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REVIEW: 12 Monkeys 1×04 “Atari”

See this is what the series should have been showing us all along, and it wasn’t that hard to do in retrospect. “Atari” made us care about the characters in the future while developing a fun time travel plot and staging a bunch of fun set pieces  It is actually surprising just how much the future narrative has actually managed to improve in just one week and how much the writers seemingly don’t care about the past at all. I mean we probably spent a grand total of five minutes with Cassie and the episode actually was a large improvement overall. We also got some great flashbacks to Ramse and Cole’s time before the machine and how both of them have drastically evolved since they were in the West Seven. All of these details managed to work so well because the writers are seemingly committing to some concrete rules and reactions. So let’s dive in.

I just want to say that the show managed to pull of the idea of the short jump especially well this week as often this is the most difficult story to tell. The lining up of events in order to make Cole be exactly where he needed to be at the exact right moment could of come off as confusing or simply half hearted, but the way in which Cole maneuvers Deacon and Max in to the exact places he needed them to be was superb. This was also one of the first times we got to see the real consequences of Cole’s adventures he was the one who brought the West Seven to the front door and seemingly gave up his friends. What helped to aid this plot is that we are seemingly seeing the ramifications of what the machine is doing to Cole much like we did last week when Cole was out of phase. The hallucination was one of the first real consequences demonstrated to the audience and the series would be better served if we knew the downside much earlier on. No matter what this was definitely the tightest time travel plot we have seen to date, and it worked out greatly.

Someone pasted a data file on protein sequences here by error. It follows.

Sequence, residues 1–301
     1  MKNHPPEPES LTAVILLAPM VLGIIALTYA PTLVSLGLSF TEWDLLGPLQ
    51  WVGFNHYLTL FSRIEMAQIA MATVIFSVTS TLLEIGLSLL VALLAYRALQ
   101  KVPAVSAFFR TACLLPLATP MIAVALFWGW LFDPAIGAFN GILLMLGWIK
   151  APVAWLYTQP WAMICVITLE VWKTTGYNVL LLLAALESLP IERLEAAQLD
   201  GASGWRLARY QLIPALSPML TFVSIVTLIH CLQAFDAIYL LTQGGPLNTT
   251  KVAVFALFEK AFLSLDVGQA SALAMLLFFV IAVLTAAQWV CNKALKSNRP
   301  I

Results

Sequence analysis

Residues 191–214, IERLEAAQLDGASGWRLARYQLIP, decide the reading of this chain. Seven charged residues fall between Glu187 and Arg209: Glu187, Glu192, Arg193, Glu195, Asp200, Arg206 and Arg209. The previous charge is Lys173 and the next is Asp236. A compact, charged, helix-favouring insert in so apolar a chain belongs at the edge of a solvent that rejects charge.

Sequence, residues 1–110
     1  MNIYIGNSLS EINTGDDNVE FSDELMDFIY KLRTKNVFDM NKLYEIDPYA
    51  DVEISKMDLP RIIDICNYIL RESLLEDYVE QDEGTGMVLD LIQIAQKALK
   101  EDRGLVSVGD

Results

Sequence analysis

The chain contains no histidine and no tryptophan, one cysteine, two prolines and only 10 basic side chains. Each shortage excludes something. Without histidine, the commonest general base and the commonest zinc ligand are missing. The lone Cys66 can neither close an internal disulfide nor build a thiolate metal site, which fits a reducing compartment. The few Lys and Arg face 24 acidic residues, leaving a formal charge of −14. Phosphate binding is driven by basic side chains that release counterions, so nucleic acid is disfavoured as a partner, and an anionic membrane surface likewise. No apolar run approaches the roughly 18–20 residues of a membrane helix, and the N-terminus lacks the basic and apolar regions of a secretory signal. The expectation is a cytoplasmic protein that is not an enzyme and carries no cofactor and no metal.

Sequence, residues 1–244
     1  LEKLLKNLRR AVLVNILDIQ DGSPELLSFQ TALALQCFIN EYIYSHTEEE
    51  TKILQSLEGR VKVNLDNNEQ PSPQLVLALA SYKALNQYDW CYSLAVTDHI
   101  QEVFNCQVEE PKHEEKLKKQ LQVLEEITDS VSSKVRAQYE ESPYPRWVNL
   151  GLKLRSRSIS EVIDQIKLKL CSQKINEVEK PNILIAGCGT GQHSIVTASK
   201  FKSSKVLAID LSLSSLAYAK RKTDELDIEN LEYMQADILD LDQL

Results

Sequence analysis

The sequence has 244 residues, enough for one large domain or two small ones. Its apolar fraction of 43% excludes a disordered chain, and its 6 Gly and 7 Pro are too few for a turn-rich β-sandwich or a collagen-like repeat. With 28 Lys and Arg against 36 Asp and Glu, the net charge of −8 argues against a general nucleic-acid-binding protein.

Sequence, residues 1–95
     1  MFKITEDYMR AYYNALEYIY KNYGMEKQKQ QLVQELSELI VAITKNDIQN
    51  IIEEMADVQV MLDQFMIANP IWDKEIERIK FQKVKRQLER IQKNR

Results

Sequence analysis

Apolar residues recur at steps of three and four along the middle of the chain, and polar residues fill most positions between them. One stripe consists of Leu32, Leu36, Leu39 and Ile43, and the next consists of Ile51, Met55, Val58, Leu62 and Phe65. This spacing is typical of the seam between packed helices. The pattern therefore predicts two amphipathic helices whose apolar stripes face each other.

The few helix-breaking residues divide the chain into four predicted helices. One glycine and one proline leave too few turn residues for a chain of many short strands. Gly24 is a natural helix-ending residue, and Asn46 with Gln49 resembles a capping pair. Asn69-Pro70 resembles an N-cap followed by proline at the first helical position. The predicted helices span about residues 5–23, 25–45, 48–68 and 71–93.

What really helped to elevate all of the time travel antics were the use of flashbacks to show Cole and Ramse’s time with the West Seven. Watching Cole go from a kind hearted guy to a full on cult believing psychopath was some strong stuff especially because we had Ramse as the audience surrogate. Ramse has been surprisingly under used and for him to get some real screen time, let alone be the moral compass of the episode was a better choice then letting Cole be the good guy all the time. I was glad from the word go that Ramse was not buying what Deacon was selling, but I could not tell if Deacon simply hated Ramse or was afraid of his resistance. I feel that could have possibly been a better angle as the Deacon as a rampant killing machine angle kind of fell flat towards the end. The other thing I wanted to see is how Cole and Ramse ended up at the safe haven, that clearly should’ve been the button for the flashbacks as the simple decision to not kill Deacon lacked the satisfying conclusion I was hoping for.

With all the time spent in the future I was left wondering one thing, why do we even care about the past anymore? I mean we have spent such a small fraction of time in the past in the past couple of weeks that it feels like there is a bigger threat in the future than the looming extinction of the human race. I mean Cassie was able to find the Night Room apparently all by herself, so what purpose if any does Cole serve as the “savior” of the human race. Cassie is making actual progress on finding the Night Room so shouldn’t it be reflected in the future and Cole can just go and destroy it in the past. What is stopping all of this information from reaching our hero, is it simply necessitated by the plot or is there something more to it like the Pallid Man destroyed everything? Everything about the past raises more questions then answers.

Overall it was probably the strongest episode of the series.

Final Grade B+

+Actual time travel consequences

+Great flashbacks

+Solid action

-Why should we even care about the past?

-Cole even needed to find Night Room?

Extra Thoughts

-Two whole weeks without Jennifer, so why should we care about her?

-Why does everyone never take the shot at the bad guy? You know he’s a murderous psycho so do it.

About the author

Scott Swartz